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Lessons learned on a Kindergarten field tip - being grossed out, enthusiastic and countless questions

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Kindergarten field trip
This week I had the pleasure of accompanying my daughter’s Kindergarten class on a field trip to our local Audubon Society.  I’m pretty sure it was all the more pleasurable because I got to ride in my own car (aka Swagger Wagon) drinking coffee rather than bouncing along in the school bus belching up breakfast. 

Transportation issues aside, I learned a lot in my few hours at the Audubon with twenty five-year olds.  For starters, I really learned a lot about bugs.  While I might have preferred to focus more on flora and fauna, insects were the topic du jour.  Did you know, for instance, that an insect by definition has six legs?  Or that monarch butterflies (technically not insects!) only lag eggs on milkweed?  Or that treasure troves of creepy, crawly bugs live under rocks and fallen branches?  That one wasn’t a total newsflash to me but, some of the other tidbits most certainly were.

I happily picked up a neat new catch phrase for avoiding poison ivy (“Leaves of three, let it be.”) and rather reluctantly laid my eyes on spittlebugs for the very first time. I’m not sure how I missed this unique species for the past oh, forty years but, once you know what you’re looking for (hint: they look like nasty piles of spit on a plant stem), they are really hard to miss.

When I got back to office, I shared my newfound knowledge with my co-workers, all of whom seemed either A. grossed out; B. confused by my enthusiasm; or C. questioned why my mind was retaining such details.  “Where are you ever going to use that nugget about monarch butterflies?” they asked.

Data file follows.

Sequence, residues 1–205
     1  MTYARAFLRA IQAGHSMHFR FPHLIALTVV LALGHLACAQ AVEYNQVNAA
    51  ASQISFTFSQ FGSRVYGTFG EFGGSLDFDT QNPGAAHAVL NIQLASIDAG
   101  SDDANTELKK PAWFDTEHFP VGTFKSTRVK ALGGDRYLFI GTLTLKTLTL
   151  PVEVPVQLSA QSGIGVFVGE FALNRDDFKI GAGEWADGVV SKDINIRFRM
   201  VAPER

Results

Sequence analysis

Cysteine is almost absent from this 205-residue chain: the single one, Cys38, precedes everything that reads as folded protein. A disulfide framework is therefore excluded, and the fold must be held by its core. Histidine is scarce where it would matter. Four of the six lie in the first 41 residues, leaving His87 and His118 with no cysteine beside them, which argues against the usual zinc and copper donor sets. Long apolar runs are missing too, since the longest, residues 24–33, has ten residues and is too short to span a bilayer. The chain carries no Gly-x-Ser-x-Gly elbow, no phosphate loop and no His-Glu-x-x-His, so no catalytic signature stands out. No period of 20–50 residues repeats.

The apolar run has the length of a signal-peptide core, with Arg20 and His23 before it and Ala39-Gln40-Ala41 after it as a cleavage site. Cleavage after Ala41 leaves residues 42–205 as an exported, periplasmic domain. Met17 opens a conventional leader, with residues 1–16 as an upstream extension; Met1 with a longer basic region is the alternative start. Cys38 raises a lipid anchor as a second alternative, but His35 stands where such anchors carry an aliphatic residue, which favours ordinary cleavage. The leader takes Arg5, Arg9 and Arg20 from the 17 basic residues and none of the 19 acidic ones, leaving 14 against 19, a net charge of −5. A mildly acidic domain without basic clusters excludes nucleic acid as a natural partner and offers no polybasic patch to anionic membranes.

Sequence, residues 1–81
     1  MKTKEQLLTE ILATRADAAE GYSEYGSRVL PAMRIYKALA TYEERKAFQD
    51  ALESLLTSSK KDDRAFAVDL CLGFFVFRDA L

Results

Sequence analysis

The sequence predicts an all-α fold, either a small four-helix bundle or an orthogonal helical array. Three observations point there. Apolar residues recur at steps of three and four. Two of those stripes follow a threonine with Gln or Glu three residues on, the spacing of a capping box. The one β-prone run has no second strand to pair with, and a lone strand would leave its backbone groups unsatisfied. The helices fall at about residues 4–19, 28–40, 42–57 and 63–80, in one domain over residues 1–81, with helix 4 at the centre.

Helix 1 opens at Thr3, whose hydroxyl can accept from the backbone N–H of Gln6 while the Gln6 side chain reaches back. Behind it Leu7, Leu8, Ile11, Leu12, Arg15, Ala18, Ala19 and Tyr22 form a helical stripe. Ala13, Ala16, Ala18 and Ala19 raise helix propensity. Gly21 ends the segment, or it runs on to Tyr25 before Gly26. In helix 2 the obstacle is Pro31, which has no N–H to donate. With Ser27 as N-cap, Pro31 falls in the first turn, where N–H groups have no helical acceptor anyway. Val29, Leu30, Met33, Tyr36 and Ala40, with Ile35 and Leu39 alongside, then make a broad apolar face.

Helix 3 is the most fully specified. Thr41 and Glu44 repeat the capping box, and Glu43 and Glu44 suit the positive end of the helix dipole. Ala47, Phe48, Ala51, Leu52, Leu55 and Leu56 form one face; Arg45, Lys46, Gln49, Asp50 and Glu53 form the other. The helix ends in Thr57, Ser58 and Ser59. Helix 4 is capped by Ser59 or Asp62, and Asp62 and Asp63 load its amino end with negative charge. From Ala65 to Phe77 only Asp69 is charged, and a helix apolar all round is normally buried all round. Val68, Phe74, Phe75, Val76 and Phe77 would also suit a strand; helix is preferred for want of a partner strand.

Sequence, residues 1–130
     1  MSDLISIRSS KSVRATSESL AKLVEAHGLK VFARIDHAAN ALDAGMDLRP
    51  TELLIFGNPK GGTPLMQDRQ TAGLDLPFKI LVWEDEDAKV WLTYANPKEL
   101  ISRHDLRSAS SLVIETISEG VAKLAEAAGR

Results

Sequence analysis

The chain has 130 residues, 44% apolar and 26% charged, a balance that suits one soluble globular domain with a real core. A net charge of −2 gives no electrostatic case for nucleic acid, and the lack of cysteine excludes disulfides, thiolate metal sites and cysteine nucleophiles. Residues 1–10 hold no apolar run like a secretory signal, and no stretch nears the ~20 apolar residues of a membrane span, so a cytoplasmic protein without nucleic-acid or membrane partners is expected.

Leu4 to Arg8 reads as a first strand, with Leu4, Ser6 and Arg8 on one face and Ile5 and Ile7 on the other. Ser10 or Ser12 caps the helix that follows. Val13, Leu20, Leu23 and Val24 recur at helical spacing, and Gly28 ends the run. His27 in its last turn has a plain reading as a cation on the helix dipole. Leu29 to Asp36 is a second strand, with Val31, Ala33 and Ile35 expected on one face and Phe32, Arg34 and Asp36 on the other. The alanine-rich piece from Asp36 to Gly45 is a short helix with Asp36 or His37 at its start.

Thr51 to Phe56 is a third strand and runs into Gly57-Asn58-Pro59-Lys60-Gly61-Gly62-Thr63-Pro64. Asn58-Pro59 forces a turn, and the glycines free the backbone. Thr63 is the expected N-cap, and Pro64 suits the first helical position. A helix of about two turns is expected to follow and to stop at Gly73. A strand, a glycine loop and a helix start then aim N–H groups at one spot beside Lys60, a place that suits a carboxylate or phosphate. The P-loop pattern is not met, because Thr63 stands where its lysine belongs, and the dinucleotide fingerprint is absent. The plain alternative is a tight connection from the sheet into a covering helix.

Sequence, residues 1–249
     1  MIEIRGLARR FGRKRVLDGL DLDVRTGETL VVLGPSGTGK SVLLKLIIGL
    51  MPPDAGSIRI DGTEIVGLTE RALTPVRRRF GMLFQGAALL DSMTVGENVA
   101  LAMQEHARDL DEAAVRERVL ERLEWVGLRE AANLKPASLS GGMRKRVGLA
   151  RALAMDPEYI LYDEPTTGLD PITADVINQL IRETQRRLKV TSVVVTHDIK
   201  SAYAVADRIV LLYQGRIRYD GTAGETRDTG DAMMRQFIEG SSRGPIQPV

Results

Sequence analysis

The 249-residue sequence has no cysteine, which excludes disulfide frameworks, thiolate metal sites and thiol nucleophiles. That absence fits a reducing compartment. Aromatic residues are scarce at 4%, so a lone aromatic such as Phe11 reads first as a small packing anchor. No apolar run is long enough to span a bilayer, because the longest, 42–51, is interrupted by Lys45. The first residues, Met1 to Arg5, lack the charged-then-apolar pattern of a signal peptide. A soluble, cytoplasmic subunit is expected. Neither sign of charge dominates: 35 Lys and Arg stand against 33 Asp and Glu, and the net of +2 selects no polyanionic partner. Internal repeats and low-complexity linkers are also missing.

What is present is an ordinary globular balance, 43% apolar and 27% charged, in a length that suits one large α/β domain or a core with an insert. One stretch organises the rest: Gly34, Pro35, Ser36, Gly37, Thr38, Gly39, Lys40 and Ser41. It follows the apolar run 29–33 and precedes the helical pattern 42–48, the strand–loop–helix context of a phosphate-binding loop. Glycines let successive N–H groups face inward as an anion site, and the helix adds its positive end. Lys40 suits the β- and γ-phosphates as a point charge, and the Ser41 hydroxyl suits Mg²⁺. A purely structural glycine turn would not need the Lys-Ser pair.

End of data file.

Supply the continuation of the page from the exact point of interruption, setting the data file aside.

Where?  Well, for starters, beyond the little lady who I was lucky to accompany on this adventure, there are four boys at home, all eager for information and all amply impressed when I shared this nugget: “You know, if you pick up a frog, it really will pee on you.”  Ok, so a frog isn’t a bug and that pee may actually be a mucous discharge that acts as a defense mechanism but still, this an impressive nugget of knowledge! 
Perhaps most importantly, I learned how important it is to simply show up.  To take a few hours off of work, leave the phone in the Swagger Wagon and focus -- completely focus -- on my little girl.  Hold her hand.  Jump over puddles. Leap over logs. Peek under rocks.  Tune out everything but her… well, her and the poison ivy which is apparently prolific this time of year! 

I left the Audubon thinking about happy it makes me to hold her little hand.  And, that I don’t hold it nearly enough.  My hands are often over capacity trying to hold the hands of her triplet little brothers as we cross streets, navigate stores and maneuver our way through the world around us.   Thanks to this kindergarten field trip, I’m going to be holding her hand more often.  And, I see once again the wisdom in that adage “everything you need to know, you learned in Kindergarten.”  I’d put holding hands at the top of that list. Although, if those hands recently handled spittlebugs, I’d much prefer they were washed first!  

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